David Crowley, design historian
“My decision to study in Brighton led me to an expected place … communist Poland.
“I joined the History of Design BA programme in 1984. In academic terms, this was a new subject that set out to explore the meanings and role of things in the modern world. On the pages of glossy design magazines, this meant chic objects by stars, but my tutors were very keen to expand the ‘canon’. So, in my second year they arranged a two-week study tour of Poland.
“In an age of the instant communication and cheap flights, it is hard to explain how distant and strange the Eastern Bloc seemed in 1986. The Cold War was in its final phases: Reagan in the White House was plotting an alarming acceleration of the arms race, and perestroika had only just been announced by the Kremlin. Anti-communist dissent in Poland was front-page news.
“When we arrived, it was very clear that the country was in crisis but the designers, curators and academics who were our guides revealed another Poland. They showed us ‘unknown’ art nouveau furniture, modern movement villas from the 1920s and prototypes from the late 1950s created to launch consumerism in socialist Poland. These objects were as strikingly original as anything in western Europe.
“I returned to Poland as a research student in the late 1980s. This, in turn, led to an MA and then a book in 1992 on the tensions between nationalism and internationalism in Polish design and architecture before 1939. In my teaching at the University of Brighton, and then at the Royal College of Art, I have maintained a strong interest in Eastern Europe.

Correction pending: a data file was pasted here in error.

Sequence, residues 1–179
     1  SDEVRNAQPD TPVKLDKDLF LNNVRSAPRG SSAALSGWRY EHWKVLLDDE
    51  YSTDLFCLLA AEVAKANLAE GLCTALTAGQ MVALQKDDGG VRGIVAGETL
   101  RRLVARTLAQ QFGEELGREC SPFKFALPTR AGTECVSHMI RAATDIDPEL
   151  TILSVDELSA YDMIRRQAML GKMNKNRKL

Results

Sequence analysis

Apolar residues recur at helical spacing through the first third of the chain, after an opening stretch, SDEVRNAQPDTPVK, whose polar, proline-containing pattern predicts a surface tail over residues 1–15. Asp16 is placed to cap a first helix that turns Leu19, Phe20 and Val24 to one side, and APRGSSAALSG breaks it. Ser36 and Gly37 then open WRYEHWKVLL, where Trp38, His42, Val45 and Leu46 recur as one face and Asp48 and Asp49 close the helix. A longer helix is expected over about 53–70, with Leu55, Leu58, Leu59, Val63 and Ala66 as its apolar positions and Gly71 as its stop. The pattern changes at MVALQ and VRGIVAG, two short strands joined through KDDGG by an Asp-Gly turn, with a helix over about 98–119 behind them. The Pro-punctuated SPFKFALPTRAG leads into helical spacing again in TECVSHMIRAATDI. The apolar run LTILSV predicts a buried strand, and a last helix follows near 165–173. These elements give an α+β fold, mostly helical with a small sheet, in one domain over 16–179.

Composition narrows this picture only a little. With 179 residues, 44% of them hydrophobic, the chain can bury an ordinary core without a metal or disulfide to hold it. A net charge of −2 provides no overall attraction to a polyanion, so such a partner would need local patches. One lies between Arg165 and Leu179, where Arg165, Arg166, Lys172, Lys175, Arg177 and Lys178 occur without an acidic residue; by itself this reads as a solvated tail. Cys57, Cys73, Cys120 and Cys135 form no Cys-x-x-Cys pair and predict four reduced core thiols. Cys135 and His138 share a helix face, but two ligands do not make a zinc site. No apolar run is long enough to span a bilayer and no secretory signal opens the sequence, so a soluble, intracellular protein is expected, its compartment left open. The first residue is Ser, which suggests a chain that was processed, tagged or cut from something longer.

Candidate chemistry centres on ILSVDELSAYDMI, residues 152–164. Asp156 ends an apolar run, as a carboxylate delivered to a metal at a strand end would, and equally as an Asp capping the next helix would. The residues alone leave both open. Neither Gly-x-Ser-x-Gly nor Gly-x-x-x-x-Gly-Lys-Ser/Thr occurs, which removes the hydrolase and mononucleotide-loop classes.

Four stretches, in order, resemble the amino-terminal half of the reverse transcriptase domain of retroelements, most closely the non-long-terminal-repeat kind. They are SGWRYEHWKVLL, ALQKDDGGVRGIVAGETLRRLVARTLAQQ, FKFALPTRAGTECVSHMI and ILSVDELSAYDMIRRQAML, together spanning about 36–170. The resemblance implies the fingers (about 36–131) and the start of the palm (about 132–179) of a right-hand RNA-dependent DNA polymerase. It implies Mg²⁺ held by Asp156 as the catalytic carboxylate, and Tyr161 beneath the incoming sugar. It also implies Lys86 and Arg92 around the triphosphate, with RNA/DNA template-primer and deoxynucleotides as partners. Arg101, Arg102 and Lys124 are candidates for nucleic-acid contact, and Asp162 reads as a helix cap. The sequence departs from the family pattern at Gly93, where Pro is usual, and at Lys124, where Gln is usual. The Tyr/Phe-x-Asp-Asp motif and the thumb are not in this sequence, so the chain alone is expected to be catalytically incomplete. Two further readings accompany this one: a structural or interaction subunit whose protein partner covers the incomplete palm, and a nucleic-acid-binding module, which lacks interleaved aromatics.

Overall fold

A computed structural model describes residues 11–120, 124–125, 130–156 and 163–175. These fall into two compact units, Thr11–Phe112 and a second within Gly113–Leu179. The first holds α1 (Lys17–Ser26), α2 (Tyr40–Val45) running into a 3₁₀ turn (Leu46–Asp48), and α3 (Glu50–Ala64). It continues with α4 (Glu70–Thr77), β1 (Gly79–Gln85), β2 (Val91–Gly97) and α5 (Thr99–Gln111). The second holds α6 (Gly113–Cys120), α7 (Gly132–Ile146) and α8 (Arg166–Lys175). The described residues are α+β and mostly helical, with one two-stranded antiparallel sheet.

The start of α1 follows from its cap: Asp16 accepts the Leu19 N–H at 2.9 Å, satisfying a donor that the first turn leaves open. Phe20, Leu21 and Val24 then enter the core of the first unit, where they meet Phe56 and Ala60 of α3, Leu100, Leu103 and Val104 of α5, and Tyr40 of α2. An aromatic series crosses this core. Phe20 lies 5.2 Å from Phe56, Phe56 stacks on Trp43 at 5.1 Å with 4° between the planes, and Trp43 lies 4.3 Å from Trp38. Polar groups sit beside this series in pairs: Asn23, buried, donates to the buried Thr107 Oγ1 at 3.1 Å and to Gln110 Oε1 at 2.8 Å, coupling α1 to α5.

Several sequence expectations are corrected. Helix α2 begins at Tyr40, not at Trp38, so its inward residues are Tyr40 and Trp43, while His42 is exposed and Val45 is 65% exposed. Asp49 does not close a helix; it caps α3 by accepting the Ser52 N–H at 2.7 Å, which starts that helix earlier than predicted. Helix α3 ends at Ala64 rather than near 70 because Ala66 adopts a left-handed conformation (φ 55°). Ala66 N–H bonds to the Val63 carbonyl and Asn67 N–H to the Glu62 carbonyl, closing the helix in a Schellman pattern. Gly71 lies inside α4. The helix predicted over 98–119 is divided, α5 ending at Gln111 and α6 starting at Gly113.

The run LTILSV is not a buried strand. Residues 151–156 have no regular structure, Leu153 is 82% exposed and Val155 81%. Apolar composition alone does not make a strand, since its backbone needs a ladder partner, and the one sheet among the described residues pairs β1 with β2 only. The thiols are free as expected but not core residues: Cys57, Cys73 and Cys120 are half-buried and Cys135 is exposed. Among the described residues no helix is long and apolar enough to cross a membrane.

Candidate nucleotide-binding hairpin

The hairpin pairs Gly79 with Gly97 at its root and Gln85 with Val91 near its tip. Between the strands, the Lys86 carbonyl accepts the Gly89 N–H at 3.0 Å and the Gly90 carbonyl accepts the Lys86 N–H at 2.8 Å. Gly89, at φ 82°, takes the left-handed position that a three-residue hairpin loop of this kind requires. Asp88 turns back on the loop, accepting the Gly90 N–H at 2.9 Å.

“Twenty years after our trip to Poland, the circle turned. Some of the objects which I first saw in Warsaw came to London in 2008 to feature in an exhibition that I curated with Jane Pavitt for the V&A, entitled Cold War Modern: Design 1945-1970. The Cold War was not only fought in the arms and space races but, as we set out to show, in the fields of architecture, graphic and product design too. When eastern bloc governments promised – with a good dose of hubris – to overtake the West, they turned to design to materialise their declarations. Some designers accepted the task: others resisted. Looking at these exhibits in the V&A’s spotlights, I could hear echoes of conversations I’d first had in 1986.”
David Crowley, 2009